The narrator, a Canadian woman, hopes to change her life by moving to Biarritz. Having escaped a devastating relationship with the mentally unstable Dominique, she is determined to make new friends and find the perfect mate. But in this summer resort frequented by couples and families, available singles are lonely people, too often embittered by romantic failure. And if the young artist Vinnie has promised entry into local society, he remains an illusive figure.
When Vinnie’s body surfaces at the Pointe des Fous new rumours circulate. Had he really been a fortune hunter, a seducer and blackmailer, or just a gentle, over-sensitive man, a loser in love and friendship? The police have concluded his death was accidental, but doesn’t everything point to murder? Or is the narrator over-reacting? Perhaps loneliness and isolation have made her suspicious, for love is as unattainable as ever, and threatening letters from Dominique are arriving with increasing frequency.
Sad Summer in Biarritz, is a mystery, a story of the desperately lonely search for love, and a satirical portrait of French nouveau riche society in the 1980s.
La Pointe des Fous: 2017
On this promontory where Vinnie was murdered, five tourists are ostensibly taking photos of a streaky sky, toothy rocks and agitated sea. In reality, they’re only photographing themselves, documenting their presence in Biarritz. They know nothing of Vinnie. Why should they? Thirty-four years have passed since his death. Perhaps I’m the only person who remembers him; I’m certainly the only one to make a pilgrimage in his name.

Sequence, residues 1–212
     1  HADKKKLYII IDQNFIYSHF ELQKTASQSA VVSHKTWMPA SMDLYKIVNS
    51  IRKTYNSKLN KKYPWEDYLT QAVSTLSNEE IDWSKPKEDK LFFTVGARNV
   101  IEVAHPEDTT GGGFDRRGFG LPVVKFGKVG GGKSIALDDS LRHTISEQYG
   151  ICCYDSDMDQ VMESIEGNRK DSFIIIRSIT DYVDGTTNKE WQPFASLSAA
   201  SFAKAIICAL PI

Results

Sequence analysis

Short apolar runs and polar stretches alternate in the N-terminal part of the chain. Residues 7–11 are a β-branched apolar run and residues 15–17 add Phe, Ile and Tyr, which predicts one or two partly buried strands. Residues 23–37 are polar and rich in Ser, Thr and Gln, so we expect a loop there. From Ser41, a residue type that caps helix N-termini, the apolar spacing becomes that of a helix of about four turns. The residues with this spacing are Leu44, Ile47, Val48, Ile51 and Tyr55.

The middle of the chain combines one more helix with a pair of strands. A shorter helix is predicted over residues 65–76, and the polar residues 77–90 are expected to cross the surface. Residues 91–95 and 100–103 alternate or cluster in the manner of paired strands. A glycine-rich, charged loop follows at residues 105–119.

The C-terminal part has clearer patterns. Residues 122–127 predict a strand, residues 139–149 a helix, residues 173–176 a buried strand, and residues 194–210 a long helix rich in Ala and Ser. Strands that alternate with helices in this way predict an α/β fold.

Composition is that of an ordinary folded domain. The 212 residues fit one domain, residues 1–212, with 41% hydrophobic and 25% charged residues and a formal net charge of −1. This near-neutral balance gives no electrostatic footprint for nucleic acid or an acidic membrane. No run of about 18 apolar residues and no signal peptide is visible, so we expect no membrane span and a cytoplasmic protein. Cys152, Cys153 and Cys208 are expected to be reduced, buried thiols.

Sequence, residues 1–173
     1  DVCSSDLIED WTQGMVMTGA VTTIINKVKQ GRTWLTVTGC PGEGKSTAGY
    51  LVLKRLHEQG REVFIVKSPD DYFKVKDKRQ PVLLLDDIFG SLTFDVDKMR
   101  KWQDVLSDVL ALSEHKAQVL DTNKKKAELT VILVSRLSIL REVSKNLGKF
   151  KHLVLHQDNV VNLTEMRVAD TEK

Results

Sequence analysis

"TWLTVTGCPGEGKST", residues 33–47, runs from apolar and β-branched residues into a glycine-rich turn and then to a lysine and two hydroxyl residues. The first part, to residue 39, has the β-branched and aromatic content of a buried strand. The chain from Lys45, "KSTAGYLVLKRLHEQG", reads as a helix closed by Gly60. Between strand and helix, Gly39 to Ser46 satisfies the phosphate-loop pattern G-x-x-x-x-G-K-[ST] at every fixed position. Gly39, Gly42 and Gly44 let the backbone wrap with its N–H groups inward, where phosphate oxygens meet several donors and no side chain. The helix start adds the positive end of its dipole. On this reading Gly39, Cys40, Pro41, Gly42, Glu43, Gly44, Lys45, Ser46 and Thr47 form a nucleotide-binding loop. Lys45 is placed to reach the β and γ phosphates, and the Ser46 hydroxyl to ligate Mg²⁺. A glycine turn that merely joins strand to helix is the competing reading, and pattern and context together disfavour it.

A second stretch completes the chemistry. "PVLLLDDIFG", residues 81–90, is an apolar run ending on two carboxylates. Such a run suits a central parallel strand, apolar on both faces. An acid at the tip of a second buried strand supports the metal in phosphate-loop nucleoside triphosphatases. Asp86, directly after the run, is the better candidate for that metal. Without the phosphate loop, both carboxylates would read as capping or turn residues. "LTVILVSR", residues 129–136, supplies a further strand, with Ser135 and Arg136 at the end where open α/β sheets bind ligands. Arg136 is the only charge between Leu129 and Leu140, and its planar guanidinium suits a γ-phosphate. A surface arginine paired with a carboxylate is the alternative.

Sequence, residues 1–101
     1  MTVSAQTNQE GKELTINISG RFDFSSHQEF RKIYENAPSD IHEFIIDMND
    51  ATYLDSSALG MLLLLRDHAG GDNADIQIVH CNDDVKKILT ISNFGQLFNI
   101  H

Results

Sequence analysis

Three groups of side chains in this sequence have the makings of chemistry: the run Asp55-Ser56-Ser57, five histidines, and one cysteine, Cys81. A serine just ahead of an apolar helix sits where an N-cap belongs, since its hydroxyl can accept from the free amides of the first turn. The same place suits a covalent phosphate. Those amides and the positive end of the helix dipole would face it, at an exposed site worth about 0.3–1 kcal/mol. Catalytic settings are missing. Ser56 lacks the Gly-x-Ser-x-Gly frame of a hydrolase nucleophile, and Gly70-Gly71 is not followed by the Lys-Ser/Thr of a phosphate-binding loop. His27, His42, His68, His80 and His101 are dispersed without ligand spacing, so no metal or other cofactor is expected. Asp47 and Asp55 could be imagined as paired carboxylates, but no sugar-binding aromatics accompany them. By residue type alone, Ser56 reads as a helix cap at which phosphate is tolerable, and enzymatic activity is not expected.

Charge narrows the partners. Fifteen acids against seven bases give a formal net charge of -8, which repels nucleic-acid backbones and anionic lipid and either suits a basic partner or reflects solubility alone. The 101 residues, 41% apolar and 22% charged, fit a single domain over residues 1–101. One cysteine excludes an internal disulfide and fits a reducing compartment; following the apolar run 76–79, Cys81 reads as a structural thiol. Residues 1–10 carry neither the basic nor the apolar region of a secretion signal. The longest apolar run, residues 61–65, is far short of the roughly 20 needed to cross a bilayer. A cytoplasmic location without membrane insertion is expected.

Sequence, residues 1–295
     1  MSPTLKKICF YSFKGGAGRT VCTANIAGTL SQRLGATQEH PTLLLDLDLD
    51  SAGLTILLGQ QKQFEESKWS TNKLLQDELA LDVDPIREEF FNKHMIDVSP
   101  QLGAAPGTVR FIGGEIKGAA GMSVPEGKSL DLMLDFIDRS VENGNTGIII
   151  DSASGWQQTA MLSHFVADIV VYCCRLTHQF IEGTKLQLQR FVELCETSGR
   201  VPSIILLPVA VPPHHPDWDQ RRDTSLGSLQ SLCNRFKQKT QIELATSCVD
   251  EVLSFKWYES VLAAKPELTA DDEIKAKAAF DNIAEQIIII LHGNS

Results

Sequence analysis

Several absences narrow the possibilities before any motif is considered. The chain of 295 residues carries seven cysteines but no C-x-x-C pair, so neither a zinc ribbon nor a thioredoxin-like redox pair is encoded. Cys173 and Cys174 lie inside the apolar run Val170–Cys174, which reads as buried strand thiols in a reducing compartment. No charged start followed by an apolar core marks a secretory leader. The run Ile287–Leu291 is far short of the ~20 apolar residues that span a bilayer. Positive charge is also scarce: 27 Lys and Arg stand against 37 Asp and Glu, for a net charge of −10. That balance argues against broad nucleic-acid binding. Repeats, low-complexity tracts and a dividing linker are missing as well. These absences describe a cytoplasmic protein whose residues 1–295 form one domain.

How Biarritz has changed. Run-down and ragged when I lived here, the promoters, decorators and architects have since taken things in hand; and destroying monuments, manors, exotic parks, they’ve created featureless apartments for retirees, sterile hotels for tourists who demand an Internet connection. Or perhaps I’m the one at fault, always out of step with contemporary taste, contemporary aspirations, contemporary conversation and contemporary behaviour.
I have no reason to remain — this is merely a trip down memory lane — and it’s a pleasant enough town, despite the modern ravages. The air is rich with the odours of southern vegetation and damp salt; and minus the holiday crowd, the sea front is elegant. Yet, when I lived here, I thought it a sad, sullen place. But I was a different person back then: a desperate creature, fleeing Dominique’s exactions; a lonely woman, spending days in cafés, noting down the conversations of others and the dull details of my own eventless life. I was a dreamer waiting for perfect love.
And, like Vinnie, I was an easy victim, scrabbling into other people’s lives and believing their lies.
To listen to Chapter One of Sad Summer in Biarritz, go here: